1. This was a case of Viogniers that was sent to me for us
to try by Boyce Brannock (BEB),
shilling a bit for the hometown industry. A very generous
gesture methinks. Thanks, Boyce.
2. I have, of course, followed VA Viogniers from the very
start, when Dennis Horton showed
his first Viognier at Hospices du Rhone some yrs ago. I was
quite impressed w/ some of those
first ones, some less so. But, at their best, Dennis' Viogniers
were as good as could be found
anywhere. But since Horton has not been at the last few HdRs,
I've not had an opportunity
to try them. I was aware, vaguely, that there were a bunch
of other Viognier producers in
VA, but, of course, not had any opportunity to try any of
them; they don't get out of VA to
any of my usual haunts.
So I was most eager to try this assemblage of Viogniers, not
really knowing what to expect.
My expectations were rather low, I must admit. I was expecting
some funky white wines; maybe some w/ true Viognier character, some a bit over-oaked, some
that showed strange VA terroir in them, perhaps. When I tasted wines from new regions in
the past, I've often struggled to place them in their context.
So....I must admit I was pleasantly surprised, as was most
of the people in my group, with
the quality of these Viogniers. Not hardly any outliers at
all. They all spoke very distinctly of Viognier; they all had remarkable varietal character. They
were, in fact, seriously good Viogniers by any standard. Certainly not Condrieu, but most
were as good as any you find from California on the average. At their best, they were really
To generalize a bit more. Nearly all the noses shouted of
that pear/peach Viognier varietal character. But I found some to not deliver on the
palate what their noses promised. Some seemed to be rather on the soft side, a bit underacid.
The texture seemed a bit out of wack; like the wines were too high in pH. Or they tasted
like grapes that were harvested in late Aug/early Sept when the sugars were correct, but they'd
not had enough hang time to
develop physiological maturity. They reminded me some of many
Calif Grenache Blancs or
Lodi Viognier on the palate.
But, all in all, that was a relatively minor flaw and, at
their best, they had the acidity and balance to be very good drinking. Perhaps
VA should be hanging their white hat on Viognier rather than Chard I would guess (not
that I have any experience with VA Chards yet). I'll be in Richmond in early Dec for a NorthAmericaCup
and am hoping to broaden my exposure to VA whilst I'm there.
3. Horton: This sparkling wine was the first I ever done see'd
from Viognier. Pleasantly
surprised at how good it was. Reminded me more of a Viognier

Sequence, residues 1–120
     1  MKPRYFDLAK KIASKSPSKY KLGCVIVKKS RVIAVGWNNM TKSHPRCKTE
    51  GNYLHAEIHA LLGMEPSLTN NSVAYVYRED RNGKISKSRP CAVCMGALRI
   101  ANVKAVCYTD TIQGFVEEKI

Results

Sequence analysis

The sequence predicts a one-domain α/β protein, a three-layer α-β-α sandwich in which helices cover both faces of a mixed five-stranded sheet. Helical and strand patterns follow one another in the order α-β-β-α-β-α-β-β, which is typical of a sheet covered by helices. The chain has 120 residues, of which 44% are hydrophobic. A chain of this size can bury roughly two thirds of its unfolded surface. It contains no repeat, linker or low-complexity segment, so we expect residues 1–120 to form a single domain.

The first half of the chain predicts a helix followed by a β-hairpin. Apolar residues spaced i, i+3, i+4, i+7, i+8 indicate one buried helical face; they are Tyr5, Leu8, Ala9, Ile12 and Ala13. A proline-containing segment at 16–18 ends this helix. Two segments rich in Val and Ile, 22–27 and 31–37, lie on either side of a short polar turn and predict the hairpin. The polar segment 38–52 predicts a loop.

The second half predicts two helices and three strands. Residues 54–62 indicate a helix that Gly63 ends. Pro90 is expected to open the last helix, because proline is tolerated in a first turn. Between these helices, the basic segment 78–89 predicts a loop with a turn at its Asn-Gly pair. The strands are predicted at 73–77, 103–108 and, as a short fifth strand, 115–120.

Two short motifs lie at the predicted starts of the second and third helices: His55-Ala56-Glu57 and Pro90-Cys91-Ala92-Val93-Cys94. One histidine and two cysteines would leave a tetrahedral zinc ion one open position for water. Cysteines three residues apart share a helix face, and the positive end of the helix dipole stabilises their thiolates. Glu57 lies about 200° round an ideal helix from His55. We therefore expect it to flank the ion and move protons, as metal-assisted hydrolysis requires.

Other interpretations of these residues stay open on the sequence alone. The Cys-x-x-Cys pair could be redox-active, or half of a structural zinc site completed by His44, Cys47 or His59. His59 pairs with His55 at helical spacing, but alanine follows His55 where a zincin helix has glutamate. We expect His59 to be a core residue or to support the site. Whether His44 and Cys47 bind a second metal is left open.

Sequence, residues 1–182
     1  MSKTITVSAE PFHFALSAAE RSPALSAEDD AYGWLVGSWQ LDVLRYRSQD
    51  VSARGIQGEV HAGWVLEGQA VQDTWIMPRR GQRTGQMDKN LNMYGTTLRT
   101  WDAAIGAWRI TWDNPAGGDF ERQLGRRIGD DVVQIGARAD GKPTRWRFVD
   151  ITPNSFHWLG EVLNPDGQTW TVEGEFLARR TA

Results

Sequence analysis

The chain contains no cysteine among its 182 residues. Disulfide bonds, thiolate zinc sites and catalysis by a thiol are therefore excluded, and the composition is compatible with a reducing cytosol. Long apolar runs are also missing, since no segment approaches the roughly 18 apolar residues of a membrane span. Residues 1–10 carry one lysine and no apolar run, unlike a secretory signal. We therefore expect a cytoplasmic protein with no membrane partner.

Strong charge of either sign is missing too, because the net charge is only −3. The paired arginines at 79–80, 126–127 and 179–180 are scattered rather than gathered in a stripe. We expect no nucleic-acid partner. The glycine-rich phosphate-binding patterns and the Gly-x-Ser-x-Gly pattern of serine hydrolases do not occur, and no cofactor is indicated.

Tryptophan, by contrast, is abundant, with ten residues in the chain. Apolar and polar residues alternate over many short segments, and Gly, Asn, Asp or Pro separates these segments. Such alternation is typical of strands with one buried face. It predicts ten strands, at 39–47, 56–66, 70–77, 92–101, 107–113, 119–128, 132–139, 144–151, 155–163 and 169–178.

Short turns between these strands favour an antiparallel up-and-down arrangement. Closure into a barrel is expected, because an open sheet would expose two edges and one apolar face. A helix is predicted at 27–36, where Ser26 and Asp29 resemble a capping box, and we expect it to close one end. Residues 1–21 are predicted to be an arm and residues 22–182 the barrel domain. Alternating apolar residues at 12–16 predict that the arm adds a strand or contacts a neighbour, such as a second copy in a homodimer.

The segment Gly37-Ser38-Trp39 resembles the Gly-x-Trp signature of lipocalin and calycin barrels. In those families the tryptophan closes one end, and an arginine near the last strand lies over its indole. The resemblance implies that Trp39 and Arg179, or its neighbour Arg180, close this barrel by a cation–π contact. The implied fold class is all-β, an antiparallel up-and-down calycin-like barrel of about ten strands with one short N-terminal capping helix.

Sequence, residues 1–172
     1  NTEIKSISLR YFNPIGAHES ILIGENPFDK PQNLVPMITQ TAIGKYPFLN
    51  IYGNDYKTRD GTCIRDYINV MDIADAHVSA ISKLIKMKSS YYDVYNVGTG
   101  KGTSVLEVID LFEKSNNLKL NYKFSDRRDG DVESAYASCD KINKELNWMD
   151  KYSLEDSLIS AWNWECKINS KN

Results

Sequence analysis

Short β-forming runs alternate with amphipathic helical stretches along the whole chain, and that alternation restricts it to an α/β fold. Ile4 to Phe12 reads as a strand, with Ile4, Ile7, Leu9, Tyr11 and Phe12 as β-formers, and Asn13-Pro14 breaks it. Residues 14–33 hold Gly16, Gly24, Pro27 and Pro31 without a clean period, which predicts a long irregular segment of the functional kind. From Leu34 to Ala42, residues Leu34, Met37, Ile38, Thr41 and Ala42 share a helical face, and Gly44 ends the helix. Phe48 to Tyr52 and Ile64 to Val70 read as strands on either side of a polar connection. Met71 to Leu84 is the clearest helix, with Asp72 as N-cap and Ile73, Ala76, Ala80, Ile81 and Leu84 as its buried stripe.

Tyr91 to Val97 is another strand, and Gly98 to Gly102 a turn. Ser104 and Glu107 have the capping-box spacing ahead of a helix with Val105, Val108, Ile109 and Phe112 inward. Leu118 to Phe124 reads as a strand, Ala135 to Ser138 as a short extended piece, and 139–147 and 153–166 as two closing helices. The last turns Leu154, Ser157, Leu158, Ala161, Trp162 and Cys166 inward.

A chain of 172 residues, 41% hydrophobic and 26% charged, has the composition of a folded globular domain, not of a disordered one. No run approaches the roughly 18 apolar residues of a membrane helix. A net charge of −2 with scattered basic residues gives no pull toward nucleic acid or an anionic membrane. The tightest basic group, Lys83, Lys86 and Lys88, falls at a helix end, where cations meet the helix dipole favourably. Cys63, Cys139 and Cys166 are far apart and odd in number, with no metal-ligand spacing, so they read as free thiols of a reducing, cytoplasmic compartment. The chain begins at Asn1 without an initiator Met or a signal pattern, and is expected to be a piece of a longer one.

perfumed Prosecco than anything.
3. AsianPear wine: I served this as a mystery wine because
I often get pear-like aromas out of Viognier. Most of my tasters guessed it to be Viognier from
the nose, but they realized
something was seriously out of whack on the palate.
4. Valhalla: This wine id touted on their WebSite as resembling
French Condrieu. Well...yes and no. It totally lacks any of the minerality that makes Condrieu
so special. It smell & tasted
of Viognier that had been left on the vine very long and may
have had some mold infection.
It did remind me some of the Texier Condrieu Vernon 2002 which
was a very bizarre rendition
of Condrieu that I've ever had. That wine had a fraction left
on the vines after heavy rains
that had a bit of a rot problem. The Valhalla was not an unpleasant
wine, just not very typical
of Viognier and certainly not Condrieu.
5. Keswick: Since this wine was known to have residual sugar,
I served it last. I was expecting it to be soft/flabby and rather sweet (at 2.25% RS). It was
not and carried the RS very well I thought. It had great intensity and plenty of ripe, but
not overripe or late harvest
character. Seriously good Viognier by any standards.
6. RappahannockCellars: I was particularly interested in trying
these two Viogniers. Owner/
winemaker is John Delmare, who hails from the SantaCruzMtns
in Calif. He ran a property near
and dear to my heart, the old Congress Springs property formerly
run by Dan Gehrs. Now known as Savannah-Channel. Not sure why anyone would leave the beautiful
SantaCruzMtns, but those things often defy rationale.
Well.....both of these Viogniers were as good as any Viognier
I've had from Calif or
WashState. They were easily my two favorites of the night,
closely followed by the Keswick.
They even showed a bit of Condrieu minerality I thought. They
reminded me a lot of the
Harlequin Viognier, my gold-standard for USofA Viognier. They
are, particularly the Reserve,
as good as Viognier gets here and worth tracking down.